I hit the insect jackpot at lunch time today – unexpectedly, because a first look around the garden hadn’t revealed anything much other than honey bees and flies of various kinds, and I’d just decided that I was going to have to look further afield for a photogenic subject. Then as I was walking back across the lawn towards the house I caught an unmistakeable flutter of dark wings, and there he was among the geraniums: Calopteryx splendens, the Banded Demoiselle.
The normal resting posture of these damselflies is quite upright with the wings held at an angle above the body, but every time he realised I had a bead on him he would first freeze, and then very slowly lower his wings and sink downwards onto the leaf, so as either to make himself less conspicuous, or to gather himself for rapid take-off as soon as he got the chance – or maybe a little of both. His slow deliberate movement was mirrored by my own, as I tried to inch into the optimum position for a clear shot with the camera sensor parallel to his body – I can only hope that his thighs weren’t feeling the effort as much as mine were. Each time I thought I had at least one decent image I would stand up to rest my back and my jelly legs, and he would immediately fly – only to come down again on a different plant, when our exercise cycle would begin again.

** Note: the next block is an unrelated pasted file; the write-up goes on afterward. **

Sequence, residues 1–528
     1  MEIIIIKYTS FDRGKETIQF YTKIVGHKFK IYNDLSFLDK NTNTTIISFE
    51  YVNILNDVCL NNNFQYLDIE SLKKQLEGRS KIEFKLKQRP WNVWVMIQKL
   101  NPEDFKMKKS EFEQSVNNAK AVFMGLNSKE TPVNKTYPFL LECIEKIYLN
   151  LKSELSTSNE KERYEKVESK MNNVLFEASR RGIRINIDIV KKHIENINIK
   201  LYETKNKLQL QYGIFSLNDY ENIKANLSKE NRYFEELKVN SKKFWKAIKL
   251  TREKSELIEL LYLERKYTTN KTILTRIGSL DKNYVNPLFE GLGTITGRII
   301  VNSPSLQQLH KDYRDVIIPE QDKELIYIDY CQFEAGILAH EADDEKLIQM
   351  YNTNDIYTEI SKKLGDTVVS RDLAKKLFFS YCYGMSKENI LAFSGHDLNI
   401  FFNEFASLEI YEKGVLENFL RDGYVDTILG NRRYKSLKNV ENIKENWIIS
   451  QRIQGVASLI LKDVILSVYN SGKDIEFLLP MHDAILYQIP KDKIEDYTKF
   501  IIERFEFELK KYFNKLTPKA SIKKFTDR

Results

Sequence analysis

By the time he’d clearly had enough and retreated into a rose bush, from which he observed me with what I felt was a rather baleful expression, I thought I had a few good frames, so I wobbled back into the house and left him in peace. About an hour later I went to the secret garden to fetch in some washing, and as I passed the rose bed he fluttered up again in such an agitated way that I went back to the house by another path, so as not to cause him any more stress. If he’s thinking of taking up permanent residence I may have to give him a name…
Those of you who were so sweetly concerned about yesterday’s hedgehog may be pleased to know that R phoned the Vale today and asked after him, and though it doesn’t sound as though he’s out of danger yet, he is still with us and is taking fluid. They’ve tested him for various things that go wrong with hedgehogs but haven’t yet received the results, so we’ll call again in a couple of days, when they should know more.
There are more Banded Demoiselle shots here.